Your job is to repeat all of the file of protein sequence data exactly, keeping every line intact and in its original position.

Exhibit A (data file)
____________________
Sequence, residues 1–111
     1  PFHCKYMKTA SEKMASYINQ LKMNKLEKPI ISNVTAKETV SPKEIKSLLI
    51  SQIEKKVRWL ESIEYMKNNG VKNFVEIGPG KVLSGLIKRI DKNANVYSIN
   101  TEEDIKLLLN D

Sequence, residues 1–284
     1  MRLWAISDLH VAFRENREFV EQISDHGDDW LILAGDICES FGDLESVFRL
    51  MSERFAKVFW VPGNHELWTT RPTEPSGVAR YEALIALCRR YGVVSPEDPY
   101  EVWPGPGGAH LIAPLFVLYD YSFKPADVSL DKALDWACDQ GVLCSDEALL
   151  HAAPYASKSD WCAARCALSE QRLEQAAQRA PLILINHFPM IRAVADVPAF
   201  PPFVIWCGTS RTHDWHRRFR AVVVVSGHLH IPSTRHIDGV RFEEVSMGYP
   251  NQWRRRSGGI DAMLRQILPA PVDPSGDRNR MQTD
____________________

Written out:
Sequence, residues 1–111
     1  PFHCKYMKTA SEKMASYINQ LKMNKLEKPI ISNVTAKETV SPKEIKSLLI
    51  SQIEKKVRWL ESIEYMKNNG VKNFVEIGPG KVLSGLIKRI DKNANVYSIN
   101  TEEDIKLLLN D

Sequence, residues 1–284
     1  MRLWAISDLH VAFRENREFV EQISDHGDDW LILAGDICES FGDLESVFRL
    51  MSERFAKVFW VPGNHELWTT RPTEPSGVAR YEALIALCRR YGVVSPEDPY
   101  EVWPGPGGAH LIAPLFVLYD YSFKPADVSL DKALDWACDQ GVLCSDEALL
   151  HAAPYASKSD WCAARCALSE QRLEQAAQRA PLILINHFPM IRAVADVPAF
   201  PPFVIWCGTS RTHDWHRRFR AVVVVSGHLH IPSTRHIDGV RFEEVSMGYP
   251  NQWRRRSGGI DAMLRQILPA PVDPSGDRNR MQTD